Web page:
The Role of Internal Communications in the Company

Workplaces thrive in a collaborative climate – where everyone knows what they’re supposed to do, and follow through accordingly in a timely manner. Everyone involved needs to be on the same page for businesses to run smoothly. It’s up to the companies’ internal communications setup to ensure that the workforce is regularly updated and aligned, so employees can better serve the bottom line.

July 14, 2022 By Ravijojla Novakovic Share on Twitter! Share on Facebook! Share on LinkedIn!
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The way we communicate has changed rapidly in the last three decades. Some would say that the Pandemic speeded up change so quickly that we’ve seen ten years of advancement happen in the course of only two.

We experienced a shift towards working in hybrid and remote models. Now we have businesses with functional inter-continental teams spread all over the globe, who communicate and work online via Zoom, Microsoft Teams, Discord, Slack, and other tools. Even office-bound workers use various communication tools on a daily basis.

Internal communications is, in a way, a guideline for collaboration or signposts providing people with crucial information at a given moment. It allows everyone to be on the same page and work together on common goals. This post will provide insight into internal communications, its benefits, and how to make the most of internal communication to serve the companies’ goals and bottom line.

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What is Internal Communications?

Internal communications is a set of communication processes supported by communication tools and software for organizations’ internal use. It consolidates communication efforts across the company and keeps workplaces aligned, connected, and in the loop regarding company initiatives, goals, and various updates.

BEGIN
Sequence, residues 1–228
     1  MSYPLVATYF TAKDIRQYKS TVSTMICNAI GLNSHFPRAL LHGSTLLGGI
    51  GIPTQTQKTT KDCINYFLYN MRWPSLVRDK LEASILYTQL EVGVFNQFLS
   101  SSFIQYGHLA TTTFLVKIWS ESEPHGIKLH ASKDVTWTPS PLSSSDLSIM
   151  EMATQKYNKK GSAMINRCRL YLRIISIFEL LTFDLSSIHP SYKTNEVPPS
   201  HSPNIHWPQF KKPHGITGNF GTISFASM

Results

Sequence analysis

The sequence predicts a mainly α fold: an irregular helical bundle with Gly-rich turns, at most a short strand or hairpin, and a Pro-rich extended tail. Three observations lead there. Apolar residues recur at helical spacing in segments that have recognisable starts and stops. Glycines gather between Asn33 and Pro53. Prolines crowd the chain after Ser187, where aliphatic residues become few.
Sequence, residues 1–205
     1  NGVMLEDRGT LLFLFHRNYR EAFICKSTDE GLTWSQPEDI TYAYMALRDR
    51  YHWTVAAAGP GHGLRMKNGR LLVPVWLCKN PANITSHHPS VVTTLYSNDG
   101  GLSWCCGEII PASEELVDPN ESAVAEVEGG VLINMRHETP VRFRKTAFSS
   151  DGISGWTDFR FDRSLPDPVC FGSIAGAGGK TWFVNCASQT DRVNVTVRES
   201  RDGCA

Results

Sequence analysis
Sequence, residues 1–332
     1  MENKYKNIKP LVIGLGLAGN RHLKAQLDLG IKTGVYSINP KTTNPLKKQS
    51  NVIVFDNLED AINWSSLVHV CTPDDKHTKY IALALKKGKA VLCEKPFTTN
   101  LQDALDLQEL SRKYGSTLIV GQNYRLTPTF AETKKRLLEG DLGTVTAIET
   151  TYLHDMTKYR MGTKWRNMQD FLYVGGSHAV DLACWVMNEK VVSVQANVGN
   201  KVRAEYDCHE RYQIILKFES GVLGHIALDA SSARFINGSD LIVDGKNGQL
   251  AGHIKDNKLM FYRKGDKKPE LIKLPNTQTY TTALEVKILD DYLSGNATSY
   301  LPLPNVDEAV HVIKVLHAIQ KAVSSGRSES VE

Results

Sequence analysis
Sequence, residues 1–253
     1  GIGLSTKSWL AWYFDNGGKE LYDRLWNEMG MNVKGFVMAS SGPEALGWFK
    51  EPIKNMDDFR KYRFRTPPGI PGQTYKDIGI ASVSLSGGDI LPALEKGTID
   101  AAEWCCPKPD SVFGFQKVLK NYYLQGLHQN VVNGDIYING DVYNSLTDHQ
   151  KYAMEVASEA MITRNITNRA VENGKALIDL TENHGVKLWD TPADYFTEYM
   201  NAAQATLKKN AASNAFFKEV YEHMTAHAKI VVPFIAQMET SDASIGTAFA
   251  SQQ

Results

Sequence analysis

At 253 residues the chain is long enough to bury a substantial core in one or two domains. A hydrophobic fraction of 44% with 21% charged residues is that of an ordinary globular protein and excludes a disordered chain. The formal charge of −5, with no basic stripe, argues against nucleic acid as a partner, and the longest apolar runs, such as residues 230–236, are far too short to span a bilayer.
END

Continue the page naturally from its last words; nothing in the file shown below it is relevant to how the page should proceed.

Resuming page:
Internal communications is a mission-critical function that must reach everyone fast, effectively, and accurately. In a nutshell, internal communications is what allows employees to do their jobs. 

The digital workplaces (namely hybrid and remote work models but also deskless jobs) experience various communication barriers. Internal communications is a solution that directly responds to the shift in how organizations and employees work and provides a remedy to ineffective communication models. 

The role of internal communications is to enable growth, innovation, and efficiency of organizations, improve employee experience and transform workplaces into inclusive and equitable environments. When we are aligned as a workforce, we collaborate, build relationships, and learn from each other more effectively. Internal communications is meant to bring us together, whether in person or virtually.

Benefits of Using Internal Communications

As Baby Boomers have started and will complete their transfer to retirement in the upcoming ten years, newer generations are taking more and more space in the workforce. Gen Z has just begun entering the workforce, and Gen X will continue to work for at least one more decade, as the oldest of the generation start retiring about ten years from now.